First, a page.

It’s hard not to be curious when you notice a sea shell moving about, with legs and feelers protruding.
While other crustaceans scamper, bury, and hide; not hermit crabs—they are slowly dragging their appropriated spiral shell houses along—which makes them easy to get to know.
To be able to grow they need to change shells to bigger and better regularly. It’s their habit of trading or even stealing shells from other hermits and their gregarious nature that is so fascinating.
There’s about 500 hermit crab species world wide and many live for over 20 years. In Australia you are most likely to meet the two land based varieties: the pale brown “Aussie crab” found along the far north coastline, or the “Red Hermit crab” which is abundant on coral cays on the GBR and Coral sea.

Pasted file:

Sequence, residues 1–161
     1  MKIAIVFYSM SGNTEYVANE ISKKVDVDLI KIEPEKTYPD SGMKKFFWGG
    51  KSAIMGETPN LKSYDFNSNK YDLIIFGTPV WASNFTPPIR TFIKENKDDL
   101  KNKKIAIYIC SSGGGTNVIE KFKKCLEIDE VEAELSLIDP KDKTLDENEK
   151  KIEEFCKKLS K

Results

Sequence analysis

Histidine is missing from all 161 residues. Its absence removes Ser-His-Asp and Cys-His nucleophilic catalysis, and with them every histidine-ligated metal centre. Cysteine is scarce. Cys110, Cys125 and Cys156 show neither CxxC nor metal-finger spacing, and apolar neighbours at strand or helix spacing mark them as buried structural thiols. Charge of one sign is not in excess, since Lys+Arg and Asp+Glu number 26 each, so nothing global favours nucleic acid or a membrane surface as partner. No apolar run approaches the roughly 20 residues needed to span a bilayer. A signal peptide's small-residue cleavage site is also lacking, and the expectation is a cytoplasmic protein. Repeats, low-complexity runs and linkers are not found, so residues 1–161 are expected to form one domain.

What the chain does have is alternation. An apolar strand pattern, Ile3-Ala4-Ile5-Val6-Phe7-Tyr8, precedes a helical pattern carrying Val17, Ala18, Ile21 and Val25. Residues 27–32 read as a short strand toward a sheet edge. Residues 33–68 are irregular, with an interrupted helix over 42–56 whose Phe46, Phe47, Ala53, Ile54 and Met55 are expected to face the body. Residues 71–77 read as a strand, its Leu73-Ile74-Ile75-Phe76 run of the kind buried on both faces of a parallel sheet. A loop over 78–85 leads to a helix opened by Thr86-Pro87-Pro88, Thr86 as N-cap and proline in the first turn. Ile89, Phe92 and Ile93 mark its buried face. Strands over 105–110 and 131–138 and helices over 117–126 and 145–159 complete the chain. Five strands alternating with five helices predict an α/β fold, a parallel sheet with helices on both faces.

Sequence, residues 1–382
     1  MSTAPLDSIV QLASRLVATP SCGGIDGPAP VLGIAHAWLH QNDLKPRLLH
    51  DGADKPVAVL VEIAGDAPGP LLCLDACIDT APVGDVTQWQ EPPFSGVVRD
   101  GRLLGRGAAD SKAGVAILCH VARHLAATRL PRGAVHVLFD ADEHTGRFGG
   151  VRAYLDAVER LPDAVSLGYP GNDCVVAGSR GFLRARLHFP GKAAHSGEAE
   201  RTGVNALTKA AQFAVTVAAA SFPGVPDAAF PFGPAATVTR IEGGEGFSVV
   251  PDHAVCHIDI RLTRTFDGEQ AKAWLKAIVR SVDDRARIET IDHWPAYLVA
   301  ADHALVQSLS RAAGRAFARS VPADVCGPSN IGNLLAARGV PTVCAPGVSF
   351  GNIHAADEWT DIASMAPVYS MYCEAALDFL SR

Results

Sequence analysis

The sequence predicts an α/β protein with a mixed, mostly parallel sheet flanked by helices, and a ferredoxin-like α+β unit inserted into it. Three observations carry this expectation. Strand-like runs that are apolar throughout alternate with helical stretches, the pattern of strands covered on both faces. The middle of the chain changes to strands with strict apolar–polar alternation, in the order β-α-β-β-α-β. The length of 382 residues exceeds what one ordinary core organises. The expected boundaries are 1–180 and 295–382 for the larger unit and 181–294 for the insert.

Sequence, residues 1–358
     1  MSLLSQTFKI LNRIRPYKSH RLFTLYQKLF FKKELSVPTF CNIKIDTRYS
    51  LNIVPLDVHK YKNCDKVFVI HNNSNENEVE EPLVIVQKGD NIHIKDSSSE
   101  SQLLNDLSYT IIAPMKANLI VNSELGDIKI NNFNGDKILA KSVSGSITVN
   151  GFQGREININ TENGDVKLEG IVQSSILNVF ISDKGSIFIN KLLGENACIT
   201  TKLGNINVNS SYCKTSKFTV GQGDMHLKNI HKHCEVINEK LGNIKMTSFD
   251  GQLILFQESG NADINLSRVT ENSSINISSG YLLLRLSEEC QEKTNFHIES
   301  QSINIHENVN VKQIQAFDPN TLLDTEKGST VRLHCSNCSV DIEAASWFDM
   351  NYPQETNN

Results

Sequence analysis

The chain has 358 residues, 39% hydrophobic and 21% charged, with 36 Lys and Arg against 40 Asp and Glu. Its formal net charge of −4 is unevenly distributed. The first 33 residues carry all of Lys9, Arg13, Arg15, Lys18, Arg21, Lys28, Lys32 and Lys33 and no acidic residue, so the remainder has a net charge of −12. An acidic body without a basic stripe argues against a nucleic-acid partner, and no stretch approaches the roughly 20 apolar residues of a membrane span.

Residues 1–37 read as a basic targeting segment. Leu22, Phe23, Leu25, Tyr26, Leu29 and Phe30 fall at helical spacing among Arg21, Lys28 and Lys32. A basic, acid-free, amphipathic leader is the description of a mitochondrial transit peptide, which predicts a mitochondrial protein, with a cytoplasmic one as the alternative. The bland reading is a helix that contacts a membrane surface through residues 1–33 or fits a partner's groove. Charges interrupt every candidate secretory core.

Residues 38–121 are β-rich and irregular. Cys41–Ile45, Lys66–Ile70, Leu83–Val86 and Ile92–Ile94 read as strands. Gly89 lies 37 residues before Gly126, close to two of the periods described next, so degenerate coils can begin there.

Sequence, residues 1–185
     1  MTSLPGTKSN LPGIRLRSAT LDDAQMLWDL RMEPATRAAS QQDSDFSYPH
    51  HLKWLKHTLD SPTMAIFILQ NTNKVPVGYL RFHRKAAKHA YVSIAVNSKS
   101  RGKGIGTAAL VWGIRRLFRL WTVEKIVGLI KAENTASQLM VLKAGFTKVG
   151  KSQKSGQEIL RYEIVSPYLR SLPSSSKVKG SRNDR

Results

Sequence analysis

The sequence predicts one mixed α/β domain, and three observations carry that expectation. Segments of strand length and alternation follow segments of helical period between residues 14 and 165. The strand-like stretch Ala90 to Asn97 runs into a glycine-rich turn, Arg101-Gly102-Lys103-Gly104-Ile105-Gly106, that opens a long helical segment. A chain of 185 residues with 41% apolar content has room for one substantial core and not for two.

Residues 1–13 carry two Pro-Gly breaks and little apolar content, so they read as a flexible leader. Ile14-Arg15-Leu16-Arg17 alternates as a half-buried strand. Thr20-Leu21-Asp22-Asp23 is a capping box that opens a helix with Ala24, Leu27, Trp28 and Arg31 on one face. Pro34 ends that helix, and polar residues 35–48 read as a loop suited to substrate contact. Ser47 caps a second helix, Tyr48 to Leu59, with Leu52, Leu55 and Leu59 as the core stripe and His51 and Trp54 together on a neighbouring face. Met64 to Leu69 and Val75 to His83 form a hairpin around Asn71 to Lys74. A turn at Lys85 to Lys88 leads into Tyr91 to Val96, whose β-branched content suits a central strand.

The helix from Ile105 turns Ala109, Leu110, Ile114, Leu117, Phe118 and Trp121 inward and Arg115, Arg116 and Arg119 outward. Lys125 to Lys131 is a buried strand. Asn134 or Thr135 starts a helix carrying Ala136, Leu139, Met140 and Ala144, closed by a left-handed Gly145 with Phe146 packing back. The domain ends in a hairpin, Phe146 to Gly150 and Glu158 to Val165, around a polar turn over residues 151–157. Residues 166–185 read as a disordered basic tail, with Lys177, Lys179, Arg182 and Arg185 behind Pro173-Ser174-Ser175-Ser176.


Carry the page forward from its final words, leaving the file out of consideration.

Under the water, it’s a similar story. Small snails would seem to be slowly walking across the bottom, but it’s the intertidal species of Hermits, usually the hairy legged varieties that you are seeing.
Like their land based cousins they have a soft abdomen that is coiled in the same direction as a typical snail shell. Usually found in tidal pools but have been seen as deep as 100m. They are often close to gastropods, whose shells they use. Their enemies include seabirds, fish, octopus and other crabs.
For the naturalist’s within, their plodding nature makes them a wonderful target to study.
Tony is a very knowledgeable enthusiast and loves to chat about this topic.